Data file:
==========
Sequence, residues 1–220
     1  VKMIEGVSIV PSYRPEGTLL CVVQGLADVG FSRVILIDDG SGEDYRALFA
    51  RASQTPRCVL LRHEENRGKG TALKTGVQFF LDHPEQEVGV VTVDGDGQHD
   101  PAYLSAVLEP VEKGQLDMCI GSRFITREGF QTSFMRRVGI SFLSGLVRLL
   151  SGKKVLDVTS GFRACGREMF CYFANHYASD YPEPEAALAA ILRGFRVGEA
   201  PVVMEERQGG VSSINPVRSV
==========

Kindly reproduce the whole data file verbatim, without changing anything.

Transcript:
Sequence, residues 1–220
     1  VKMIEGVSIV PSYRPEGTLL CVVQGLADVG FSRVILIDDG SGEDYRALFA
    51  RASQTPRCVL LRHEENRGKG TALKTGVQFF LDHPEQEVGV VTVDGDGQHD
   101  PAYLSAVLEP VEKGQLDMCI GSRFITREGF QTSFMRRVGI SFLSGLVRLL
   151  SGKKVLDVTS GFRACGREMF CYFANHYASD YPEPEAALAA ILRGFRVGEA
   201  PVVMEERQGG VSSINPVRSV